The Cost

A Sermon for the 16th Sunday after Pentecost

Proper 18 – Year C – 8 September 2013

John Edward Miller, Rector


Now large crowds were traveling with Jesus; and he turned and said to them, “Whoever comes to me and does not hate father and mother, wife and children, brothers and sisters, yes, and even life itself, cannot be my disciple. Whoever does not carry the cross and follow me cannot be my disciple. For which of you, intending to build a tower, does not first sit down and estimate the cost, to see whether he has enough to complete it? Otherwise, when he has laid a foundation and is not able to finish, all who see it will begin to ridicule him, saying, ‘This fellow began to build and was not able to finish.’ Or what king, going out to wage war against another king, will not sit down first and consider whether he is able with ten thousand to oppose the one who comes against him with twenty thousand? If he cannot, then, while the other is still far away, he sends a delegation and asks for the terms of peace. So therefore, none of you can become my disciple if you do not give up all your possessions.”

                                                                                                                                –Luke 14:25-33


  The Collect

Grant us, O Lord, to trust in you with all our hearts; for, as you always resist the proud who confide in their own strength, so you never forsake those who make their boast of your mercy; through Jesus Christ our Lord, who lives and reigns with you and the Holy Spirit, one God, now and for ever. Amen.

  Luke tells us that Jesus was attracting attention. Crowds were beginning to gather whenever he spoke. They were curious about his message, and wanted to hear him. But Jesus turned toward the seekers and said bluntly, “Whoever comes to me and does not hate father and mother, wife and children, brothers and sisters, yes, and even life itself, cannot be my disciple. Whoever does not carry the cross and follow me cannot be my disciple . . . So therefore, none of you can become my disciple if you do not give up all your possessions.”

His words strike us as harsh, if not impossible to comprehend. They sound like the demands of an extremist, rather than the comforting counsel of the one who gave us the parables that celebrate unconditional acceptance, mercy, and compassion – in families and in the wider human community. Hating the primary relationships that nurture and sustain us, and give us our identity, is counterintuitive. To loathe one’s life is to reject it as the fundamental gift given to us by our Creator. Casting aside these basic elements of existence, and giving away everything we possess, would amount to the loss of life as we know it. And maybe that was Jesus’ point. Life – as beautiful and meaningful as it is – is not final; there is something that transcends this existence, and that is love.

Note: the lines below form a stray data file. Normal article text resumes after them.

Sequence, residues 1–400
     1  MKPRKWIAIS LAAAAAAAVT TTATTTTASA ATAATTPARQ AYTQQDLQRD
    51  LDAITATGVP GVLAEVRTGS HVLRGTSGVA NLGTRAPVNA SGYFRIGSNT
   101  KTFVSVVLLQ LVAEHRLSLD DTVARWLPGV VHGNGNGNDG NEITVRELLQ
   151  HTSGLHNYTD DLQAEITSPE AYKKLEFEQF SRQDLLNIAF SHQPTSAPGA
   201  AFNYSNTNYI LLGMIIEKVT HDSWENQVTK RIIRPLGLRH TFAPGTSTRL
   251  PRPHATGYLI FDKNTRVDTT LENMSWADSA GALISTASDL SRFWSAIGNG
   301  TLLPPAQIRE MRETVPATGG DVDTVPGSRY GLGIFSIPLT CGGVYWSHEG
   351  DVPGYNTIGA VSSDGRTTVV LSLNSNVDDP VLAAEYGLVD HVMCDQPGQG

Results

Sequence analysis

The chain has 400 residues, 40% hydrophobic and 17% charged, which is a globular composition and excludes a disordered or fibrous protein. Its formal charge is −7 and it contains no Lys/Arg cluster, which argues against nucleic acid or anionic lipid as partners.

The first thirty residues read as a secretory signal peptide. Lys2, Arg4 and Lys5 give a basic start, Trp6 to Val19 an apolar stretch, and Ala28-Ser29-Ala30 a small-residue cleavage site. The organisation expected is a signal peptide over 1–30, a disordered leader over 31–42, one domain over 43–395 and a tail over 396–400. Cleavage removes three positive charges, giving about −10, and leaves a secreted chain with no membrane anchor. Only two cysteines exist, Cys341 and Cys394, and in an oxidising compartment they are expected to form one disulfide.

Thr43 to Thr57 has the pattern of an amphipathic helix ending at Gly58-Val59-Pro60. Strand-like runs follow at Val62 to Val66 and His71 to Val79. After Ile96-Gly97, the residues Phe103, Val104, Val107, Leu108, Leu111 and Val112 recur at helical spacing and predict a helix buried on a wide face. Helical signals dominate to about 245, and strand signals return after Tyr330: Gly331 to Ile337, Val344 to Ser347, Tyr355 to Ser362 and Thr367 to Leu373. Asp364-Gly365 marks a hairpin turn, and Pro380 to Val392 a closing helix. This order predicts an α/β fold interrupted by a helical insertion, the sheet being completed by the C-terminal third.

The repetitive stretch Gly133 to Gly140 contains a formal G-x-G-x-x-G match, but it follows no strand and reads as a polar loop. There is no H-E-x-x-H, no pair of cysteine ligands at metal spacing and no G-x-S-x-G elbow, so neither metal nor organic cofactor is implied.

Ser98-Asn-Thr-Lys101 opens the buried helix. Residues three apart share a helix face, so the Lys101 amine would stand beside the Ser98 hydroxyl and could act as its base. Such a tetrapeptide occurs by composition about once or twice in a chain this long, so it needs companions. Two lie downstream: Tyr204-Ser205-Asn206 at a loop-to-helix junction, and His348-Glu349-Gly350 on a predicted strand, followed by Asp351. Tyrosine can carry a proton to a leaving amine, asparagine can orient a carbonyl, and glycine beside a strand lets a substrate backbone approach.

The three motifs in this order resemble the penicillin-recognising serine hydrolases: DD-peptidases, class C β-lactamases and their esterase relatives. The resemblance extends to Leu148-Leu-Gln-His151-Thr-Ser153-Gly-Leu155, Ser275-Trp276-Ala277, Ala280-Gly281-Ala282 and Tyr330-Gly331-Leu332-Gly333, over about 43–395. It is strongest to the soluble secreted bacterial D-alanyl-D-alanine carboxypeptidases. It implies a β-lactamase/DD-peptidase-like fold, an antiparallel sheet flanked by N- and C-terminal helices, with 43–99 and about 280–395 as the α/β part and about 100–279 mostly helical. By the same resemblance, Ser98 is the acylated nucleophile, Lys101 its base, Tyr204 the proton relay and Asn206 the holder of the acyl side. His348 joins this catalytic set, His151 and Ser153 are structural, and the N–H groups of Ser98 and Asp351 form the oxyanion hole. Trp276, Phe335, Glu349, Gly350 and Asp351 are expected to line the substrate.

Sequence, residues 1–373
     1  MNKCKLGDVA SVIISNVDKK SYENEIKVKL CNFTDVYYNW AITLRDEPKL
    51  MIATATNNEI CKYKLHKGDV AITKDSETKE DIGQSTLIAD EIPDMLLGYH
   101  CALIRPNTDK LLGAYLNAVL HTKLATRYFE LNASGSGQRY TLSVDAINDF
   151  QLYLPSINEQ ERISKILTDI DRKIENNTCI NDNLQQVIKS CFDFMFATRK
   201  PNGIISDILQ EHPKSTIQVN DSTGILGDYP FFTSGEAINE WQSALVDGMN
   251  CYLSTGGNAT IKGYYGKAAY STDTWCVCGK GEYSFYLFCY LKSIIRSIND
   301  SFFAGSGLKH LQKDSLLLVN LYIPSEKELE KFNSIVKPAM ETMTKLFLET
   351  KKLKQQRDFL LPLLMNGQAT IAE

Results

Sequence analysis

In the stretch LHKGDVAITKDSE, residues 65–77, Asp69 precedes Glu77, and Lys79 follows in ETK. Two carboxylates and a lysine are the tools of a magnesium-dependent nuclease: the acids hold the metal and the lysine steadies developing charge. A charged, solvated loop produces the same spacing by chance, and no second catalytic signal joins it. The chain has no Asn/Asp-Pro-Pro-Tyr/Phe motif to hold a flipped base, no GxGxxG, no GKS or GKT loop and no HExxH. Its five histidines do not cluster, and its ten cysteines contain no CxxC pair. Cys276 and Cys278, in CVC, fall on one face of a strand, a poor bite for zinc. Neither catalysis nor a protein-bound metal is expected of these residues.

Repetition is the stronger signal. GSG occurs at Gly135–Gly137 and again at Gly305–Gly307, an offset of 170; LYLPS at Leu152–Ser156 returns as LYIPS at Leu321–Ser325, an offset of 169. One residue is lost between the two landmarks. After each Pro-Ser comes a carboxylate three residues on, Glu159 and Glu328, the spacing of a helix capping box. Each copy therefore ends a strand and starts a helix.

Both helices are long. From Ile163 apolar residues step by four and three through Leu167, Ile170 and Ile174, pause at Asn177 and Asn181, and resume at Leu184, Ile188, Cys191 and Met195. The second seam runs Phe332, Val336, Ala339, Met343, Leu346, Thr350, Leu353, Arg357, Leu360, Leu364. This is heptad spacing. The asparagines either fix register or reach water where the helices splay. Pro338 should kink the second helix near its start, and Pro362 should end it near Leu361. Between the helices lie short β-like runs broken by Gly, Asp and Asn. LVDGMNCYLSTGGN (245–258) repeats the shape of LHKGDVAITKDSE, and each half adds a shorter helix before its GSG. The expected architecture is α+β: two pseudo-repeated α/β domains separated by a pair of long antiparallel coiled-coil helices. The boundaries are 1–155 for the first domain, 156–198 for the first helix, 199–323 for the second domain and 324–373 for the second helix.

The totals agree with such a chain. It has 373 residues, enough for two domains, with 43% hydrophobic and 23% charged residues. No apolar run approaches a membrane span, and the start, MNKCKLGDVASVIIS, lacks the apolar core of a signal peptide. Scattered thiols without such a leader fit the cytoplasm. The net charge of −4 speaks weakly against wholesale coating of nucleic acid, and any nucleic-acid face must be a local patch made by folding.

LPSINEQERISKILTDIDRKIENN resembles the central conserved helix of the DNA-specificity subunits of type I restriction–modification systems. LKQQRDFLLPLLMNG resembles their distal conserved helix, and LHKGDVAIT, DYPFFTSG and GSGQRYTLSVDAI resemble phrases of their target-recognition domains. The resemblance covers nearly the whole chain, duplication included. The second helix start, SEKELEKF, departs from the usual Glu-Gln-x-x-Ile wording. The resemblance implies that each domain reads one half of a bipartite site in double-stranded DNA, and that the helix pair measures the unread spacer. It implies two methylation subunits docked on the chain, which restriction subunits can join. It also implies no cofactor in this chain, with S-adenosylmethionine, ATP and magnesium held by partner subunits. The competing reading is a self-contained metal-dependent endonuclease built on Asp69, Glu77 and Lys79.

One of the ways that the followers of Jesus understood the meaning of love is summarized in a text that Martin Luther called “the gospel in miniature.” Its message is simple, but enormously important: “For God so loved the world that he gave his only-begotten Son, that whosoever believes in him should not perish but have everlasting life.”[1] Love like that is not a feeling, it is an expression of God’s will to save us no matter what it takes. That is good news – the greatest news ever published. It is the final truth about God, and about us, the people that he loves so completely. But it is expensive news; for such love comes at a painful price.

The cross is love’s symbol. The cross of Christ expresses in stark terms the costliness of love. It was the place where God lost his son in order that we might gain our redemption. That’s why we reverence the cross, stand when it enters the space it makes sacred, and keep it as our central focus in worship. That’s why we bear the indelible sign of the cross on our foreheads. At baptism we are sealed by the Holy Spirit and marked as Christ’s own forever. In him our identity is transformed for love’s sake.

Jesus was not a zealot; his revolution was of the heart and soul. So his hard-edged saying was not intended as a nihilist manifesto or a political protest. It was a proclamation that becoming his disciple is serious business. A true follower of Jesus should know that there is a cost of discipleship. His stern words to the crowds that were traveling with him to Jerusalem were uttered in that spirit. Jesus wanted them to know what they were getting into, and he wants us to know that as well. 

Following Jesus involves a transition, a change of expectations, values, and behavior. Our Prayer Book speaks of this in the exhortation to confession of our sin. It says, “Ye who do truly and earnestly repent you of your sins, and are in love and charity with your neighbors, and intend to lead a new life, following the commandments of God and walking from henceforth in his holy ways: Draw near with faith, and make your humble confession to Almighty God, devoutly kneeling.”[2] These words invite us to live into the godly love that transforms even the shadow of death into the morning.

Every transition in life has a cost. Or else it should. Otherwise there is no change, just status quo. At transitions like death and birth, the cost is apparent. There is loss, there is gain, and there is pain. But other transitions have costs too.

In marriage we leave our family of origin to create a new family. This process is joyous, but it is also difficult. Parents recognize the cost when their children leave the nest, bound for adult life, at college, or in the military. It is hard to see those little ones grow up and depart, but that separation is necessary for their wellbeing. When we graduate from school, and move to new locales, or leave old friendships, hoping that they will last at long distance, there is anxiety and sadness together with the excitement of anticipating new adventures. Job changes, retirement, shift of religious affiliation, health crises, the death of family members, and of friends, are weighty transitions. We are all-too-familiar with the costs involved in these things.